Tuesday, August 28, 2012

RCI Cybermagazine

Interviews and reports | Weather | News | Multimedia
Episode date 27 August 2012
Interviews and reports
Canada has new top military commander
Canada's new top military commander was announced today, August 27, by the Canadian government. Lieutenant-General Thomas Lawson, a former fighter pilot, was introduced by Canada's Defence Minister Peter MacKay at a news conference on Parliament Hill in Ottawa.

General Lawson has been in the Canada's armed forces for 37 years, most recently as the Deputy Commander of NORAD, the North American Aerospace Defense Command. He was also the Commandant of Canada's Royal Military college. He comes to the position of Chief of Defence Staff as Canada considers whether to buy F-35 stealth fighters.

RCI's Wojtek Gwiazda has this report
Heart risks around the world
Courtesy McMaster University
Canadian researchers say countries now have information to help them customize programs to prevent heart disease. A new study suggests that by 2020, 80% of cardiovascular disease will occur in low and middle-income countries. It offers specifics as to who is more at risk and why.

For more, RCI’s Lynn Desjardins spoke with Dr. Sonia Anand, a professor of medicine at McMaster University in Hamilton, Ontario.
Find the Franklin Expedition
Illustration of HMS Investigator in search of Franklin's 2 ships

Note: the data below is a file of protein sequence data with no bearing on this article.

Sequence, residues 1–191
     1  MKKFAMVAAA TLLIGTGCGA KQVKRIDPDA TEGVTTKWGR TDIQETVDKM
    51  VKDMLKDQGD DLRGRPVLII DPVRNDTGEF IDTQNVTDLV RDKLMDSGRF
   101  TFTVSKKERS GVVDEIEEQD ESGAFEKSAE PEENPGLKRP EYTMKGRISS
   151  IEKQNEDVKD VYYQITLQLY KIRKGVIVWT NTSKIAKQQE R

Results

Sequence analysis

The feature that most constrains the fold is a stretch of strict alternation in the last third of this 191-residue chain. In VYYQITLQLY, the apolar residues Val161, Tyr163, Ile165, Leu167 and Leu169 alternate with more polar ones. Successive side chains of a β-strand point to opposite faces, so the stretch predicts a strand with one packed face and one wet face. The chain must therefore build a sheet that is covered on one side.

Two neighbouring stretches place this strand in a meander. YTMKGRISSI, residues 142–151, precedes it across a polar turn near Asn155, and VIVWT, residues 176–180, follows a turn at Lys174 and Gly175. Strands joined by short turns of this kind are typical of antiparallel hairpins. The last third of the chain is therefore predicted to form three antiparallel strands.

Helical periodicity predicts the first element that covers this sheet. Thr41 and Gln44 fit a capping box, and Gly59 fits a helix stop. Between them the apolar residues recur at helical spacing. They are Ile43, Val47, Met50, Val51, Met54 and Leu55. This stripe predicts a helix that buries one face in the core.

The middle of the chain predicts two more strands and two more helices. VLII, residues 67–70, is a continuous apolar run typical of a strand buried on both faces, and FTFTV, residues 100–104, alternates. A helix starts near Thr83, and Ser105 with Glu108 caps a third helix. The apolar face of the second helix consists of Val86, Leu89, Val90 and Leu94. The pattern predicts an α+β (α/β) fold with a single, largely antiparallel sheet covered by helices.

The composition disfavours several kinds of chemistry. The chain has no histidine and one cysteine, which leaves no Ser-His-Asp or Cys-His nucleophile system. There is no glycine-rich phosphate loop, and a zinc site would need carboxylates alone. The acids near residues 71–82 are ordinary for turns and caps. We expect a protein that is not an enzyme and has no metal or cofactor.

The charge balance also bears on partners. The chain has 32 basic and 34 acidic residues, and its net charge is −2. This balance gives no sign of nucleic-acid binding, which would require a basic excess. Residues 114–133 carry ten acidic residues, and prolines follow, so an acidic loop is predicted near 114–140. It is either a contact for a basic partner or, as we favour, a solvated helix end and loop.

HMS Erebus, after the Greek mythological personification of darkness, and HMS Terror were aptly named for what would be the gruesome end for the crews that manned them. The two ships, led by Sir John Franklin, set sail from England in the spring of 1845. Their mission was to navigate the northwest passage to the Orient.  But the expedition was over when the ships were frozen into the ice that first winter.

According to Inuit oral history, the ships were last seen not far from the Victoria and Alexandra Straits, just west of the Adelaide Penninsula.
Franklin died of unconfirmed causes the following summer. The following year, many more members of the crew died, and it’s believed lead poisoning from the canned provisions may have been a factor. The scurvy-stricken survivors finally set out on foot in a desperate attempt to find land. Inuit eventually found their bodies, some of them cannibalized.
RCI - FacebookRCI - TwitterRCI